The Basics
NAVIGON AG is made by NAVIGON and uses map materials from NAVTEQ. It sells for US$89.99 and can be found under the Navigator category in the iTunes Store. It only works on the iPhone 3G or 3GS. The mapping system can be used without any Internet connection which can be very important for anyone traveling abroad where Internet connections can be costly. It also means, of course, that it works equally effectively when walking. To work effectively in a car or truck, the iPhone should be placed at dashboard level. Window mounts are available from third party sites. There are several available, but the one recommended by the NAVIGON folks is the Windshield/Vent Car Mount with Sound Amplified Cradle for Phone made by Kensington.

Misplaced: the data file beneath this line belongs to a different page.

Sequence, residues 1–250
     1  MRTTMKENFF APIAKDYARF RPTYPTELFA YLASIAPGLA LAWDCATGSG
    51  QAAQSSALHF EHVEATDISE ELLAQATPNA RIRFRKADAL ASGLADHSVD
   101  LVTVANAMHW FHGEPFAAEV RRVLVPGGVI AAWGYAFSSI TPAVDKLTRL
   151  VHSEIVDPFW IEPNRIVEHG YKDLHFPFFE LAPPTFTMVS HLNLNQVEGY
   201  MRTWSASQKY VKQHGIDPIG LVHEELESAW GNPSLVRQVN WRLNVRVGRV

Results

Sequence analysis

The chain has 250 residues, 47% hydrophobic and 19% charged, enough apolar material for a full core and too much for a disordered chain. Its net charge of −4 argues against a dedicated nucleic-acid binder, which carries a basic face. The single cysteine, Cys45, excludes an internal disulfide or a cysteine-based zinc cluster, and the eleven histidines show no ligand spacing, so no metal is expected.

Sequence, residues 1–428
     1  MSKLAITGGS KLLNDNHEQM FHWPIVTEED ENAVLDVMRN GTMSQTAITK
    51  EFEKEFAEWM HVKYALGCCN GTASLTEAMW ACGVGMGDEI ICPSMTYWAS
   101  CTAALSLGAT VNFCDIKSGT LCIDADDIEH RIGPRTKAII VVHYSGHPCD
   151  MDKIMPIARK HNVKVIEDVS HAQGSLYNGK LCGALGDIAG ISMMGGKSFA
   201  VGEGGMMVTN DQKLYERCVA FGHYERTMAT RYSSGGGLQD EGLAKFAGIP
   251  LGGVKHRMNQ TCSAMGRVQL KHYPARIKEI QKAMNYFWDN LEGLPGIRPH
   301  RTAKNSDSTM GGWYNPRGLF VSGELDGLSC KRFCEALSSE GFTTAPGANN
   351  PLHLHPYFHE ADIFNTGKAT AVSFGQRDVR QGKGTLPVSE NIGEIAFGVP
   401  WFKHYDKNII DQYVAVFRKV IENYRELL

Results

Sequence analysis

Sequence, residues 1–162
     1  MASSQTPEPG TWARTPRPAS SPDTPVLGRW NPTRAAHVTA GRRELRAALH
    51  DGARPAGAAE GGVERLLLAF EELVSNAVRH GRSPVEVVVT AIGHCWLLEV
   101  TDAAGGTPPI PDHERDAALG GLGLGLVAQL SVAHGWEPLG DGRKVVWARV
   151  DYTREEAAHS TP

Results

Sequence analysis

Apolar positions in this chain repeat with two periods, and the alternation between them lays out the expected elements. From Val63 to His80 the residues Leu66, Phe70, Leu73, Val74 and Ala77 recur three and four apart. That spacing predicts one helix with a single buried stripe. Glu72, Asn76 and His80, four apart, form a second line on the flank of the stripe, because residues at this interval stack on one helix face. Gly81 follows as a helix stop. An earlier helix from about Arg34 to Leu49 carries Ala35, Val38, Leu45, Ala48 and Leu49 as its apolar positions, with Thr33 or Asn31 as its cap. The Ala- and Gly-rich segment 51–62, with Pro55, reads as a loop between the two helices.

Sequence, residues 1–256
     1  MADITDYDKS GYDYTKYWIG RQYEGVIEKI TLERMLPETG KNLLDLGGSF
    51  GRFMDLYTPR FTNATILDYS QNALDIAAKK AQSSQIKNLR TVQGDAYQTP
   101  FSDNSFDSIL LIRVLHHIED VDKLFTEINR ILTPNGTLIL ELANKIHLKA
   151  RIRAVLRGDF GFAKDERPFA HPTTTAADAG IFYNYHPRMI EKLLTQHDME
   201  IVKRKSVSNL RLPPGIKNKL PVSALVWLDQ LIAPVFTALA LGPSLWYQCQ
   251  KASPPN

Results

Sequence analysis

The application can be used for driving, walking or boating. The evaluation of this software does not cover any aspect of boating as I don't have access to a boat and it is so dry where I live in Texas right now the docks don't reach the water even if I did have access to one. Distance units can be set in miles or kilometers.

It can be set to show direct access to specific brand gas stations or specific or generic restaurants that are available on your trip. For instance, you can ask it to mark all the McDonalds, or mark all the restaurants that serve vegetarian. You can turn off the option to monitor the posted speed limits or leave it on and you will be warned if you exceed those limits. You can have street names announced or turn that option off. You can tell it to take you home if necessary.

Using the Software